Yes, it’s true- we’re moving. To Pennsylvania. We have accepted a call to Co-Pastor Christ Covenant Church in Harleysville, PA (which is about 40 minutes north of Philadelphia). It became official on November 8th, and life has been a whirlwind since then. Well, life was a whirlwind before then, but now things are moving forward at incredible speed.

It’s a tough time. And an exciting time. It’s the part of pastoral ministry that I struggle so much with–leaving one community I love for another community I love (what little I know of it at this point), because God calls us. God calls us out of one ministry…. and into another. And the roller coaster of emotions continues–the sadness at leaving, the joy at going someplace new… and the peace at knowing that God is leading.

Our house is on the market, a photographer for Century 21 came by the other day, (but the above photo is mine) and many of our waking, non-working moments are spent sorting, recycling, organizing, trashing, and packing stuff. Lots and lots of stuff. Lots of stuff that we don’t want to move. And some that we do.





Midwinter, and answered prayers

9 02 2009

dsc_0055Last week we were at the Hyatt Regency O’Hare in Chicago, for our annual “Midwinter Conference”. Those who are non-pastors think this conference sounds boring: 1000 (give or take) clergy, staff,e tc.. gathered in one hotel for several days of meetings, worship, workshops, and lots of hanging out with colleauges, new and old. Though I have become a bit more introverted in recent years, I still love this conference, and it is one of the highlights of my year. This year Kajsa was with us… dsc_0244Loads of fun. I’ll post more pix later, perhaps on flickr… It turns out Kajsa is probably more extroverted than even Jim and Cathy!In the first of these photos, Kajsa is helping Marge with registrations….  The second photo shows how Kajsa loves to get all her “gear” on when we’re heading out the door. And, by the way, to parents and other caregivers out there… hotels, especially this one, are a GREAT playground for toddlers to run and fall, on plush carpet, etc..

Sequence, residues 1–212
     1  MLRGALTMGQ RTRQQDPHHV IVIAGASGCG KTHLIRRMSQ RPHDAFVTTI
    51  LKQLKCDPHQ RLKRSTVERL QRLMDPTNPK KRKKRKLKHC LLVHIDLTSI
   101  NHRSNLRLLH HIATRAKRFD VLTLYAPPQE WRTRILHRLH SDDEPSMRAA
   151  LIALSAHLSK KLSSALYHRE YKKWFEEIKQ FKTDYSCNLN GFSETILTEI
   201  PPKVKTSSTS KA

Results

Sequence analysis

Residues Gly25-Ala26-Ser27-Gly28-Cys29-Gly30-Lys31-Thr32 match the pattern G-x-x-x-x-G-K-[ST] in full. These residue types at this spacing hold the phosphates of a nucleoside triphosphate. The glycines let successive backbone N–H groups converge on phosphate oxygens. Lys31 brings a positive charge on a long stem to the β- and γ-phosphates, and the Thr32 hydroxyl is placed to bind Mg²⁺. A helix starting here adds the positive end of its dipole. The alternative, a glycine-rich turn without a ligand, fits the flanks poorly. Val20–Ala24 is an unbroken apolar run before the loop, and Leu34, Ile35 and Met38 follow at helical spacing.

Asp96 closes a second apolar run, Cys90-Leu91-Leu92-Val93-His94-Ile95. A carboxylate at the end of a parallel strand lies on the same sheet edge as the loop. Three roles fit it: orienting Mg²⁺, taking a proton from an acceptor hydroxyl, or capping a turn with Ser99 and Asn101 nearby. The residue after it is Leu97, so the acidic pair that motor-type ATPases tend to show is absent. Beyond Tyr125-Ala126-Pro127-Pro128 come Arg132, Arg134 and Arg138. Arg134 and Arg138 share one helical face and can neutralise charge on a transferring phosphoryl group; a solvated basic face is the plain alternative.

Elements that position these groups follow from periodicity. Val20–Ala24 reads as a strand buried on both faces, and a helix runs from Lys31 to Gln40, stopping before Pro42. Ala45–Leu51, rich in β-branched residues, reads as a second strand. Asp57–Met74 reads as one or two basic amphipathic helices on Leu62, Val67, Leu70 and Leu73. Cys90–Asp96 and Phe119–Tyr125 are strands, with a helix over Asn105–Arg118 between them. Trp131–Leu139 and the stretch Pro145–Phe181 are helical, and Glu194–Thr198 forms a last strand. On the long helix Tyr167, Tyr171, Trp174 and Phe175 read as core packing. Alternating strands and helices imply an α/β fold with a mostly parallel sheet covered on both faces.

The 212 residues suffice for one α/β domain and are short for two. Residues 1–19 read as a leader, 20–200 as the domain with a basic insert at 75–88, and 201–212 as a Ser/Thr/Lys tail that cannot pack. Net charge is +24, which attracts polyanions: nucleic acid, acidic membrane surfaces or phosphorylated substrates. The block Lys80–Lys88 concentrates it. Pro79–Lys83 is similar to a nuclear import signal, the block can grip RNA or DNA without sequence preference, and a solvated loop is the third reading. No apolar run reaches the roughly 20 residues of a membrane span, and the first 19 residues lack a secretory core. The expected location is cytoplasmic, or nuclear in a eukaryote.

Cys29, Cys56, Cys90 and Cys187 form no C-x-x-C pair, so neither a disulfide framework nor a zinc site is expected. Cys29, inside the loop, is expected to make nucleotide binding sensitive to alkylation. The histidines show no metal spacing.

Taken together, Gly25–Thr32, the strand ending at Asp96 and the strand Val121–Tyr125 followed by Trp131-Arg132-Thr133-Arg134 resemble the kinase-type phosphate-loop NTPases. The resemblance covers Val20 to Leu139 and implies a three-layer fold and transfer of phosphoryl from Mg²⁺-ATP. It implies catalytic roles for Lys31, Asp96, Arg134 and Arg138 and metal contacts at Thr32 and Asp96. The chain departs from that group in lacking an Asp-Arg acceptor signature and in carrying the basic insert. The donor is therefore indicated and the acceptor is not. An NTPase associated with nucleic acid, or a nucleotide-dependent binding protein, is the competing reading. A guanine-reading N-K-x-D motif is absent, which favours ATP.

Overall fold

Besides Kajsa loving Midwinter, and her constant audiences to smile at her, take her pictures, play with her baseball cards (AND HOCKEY cards, Sue!!:) … it was an indescribable feeling for us, to be able to share this answer to prayer that is now part of our life: Kajsa. It’s been a long journey. The answer to prayer is wonderful. My heart still aches for those who are still waiting for answers to their prayers for children, spouses, etc. And certainly there are still some prayers in our lives that aren’t answered. But it had been so long since we had some good news to share with Midwinter colleagues in the Covenant.. Thank you, God. Thank you, all who prayed. Thank you, those of you who stuck with me in my constant angst and etc. Thank you to those who create the Midwinter Conference and participate in making it a place I look forward to each year.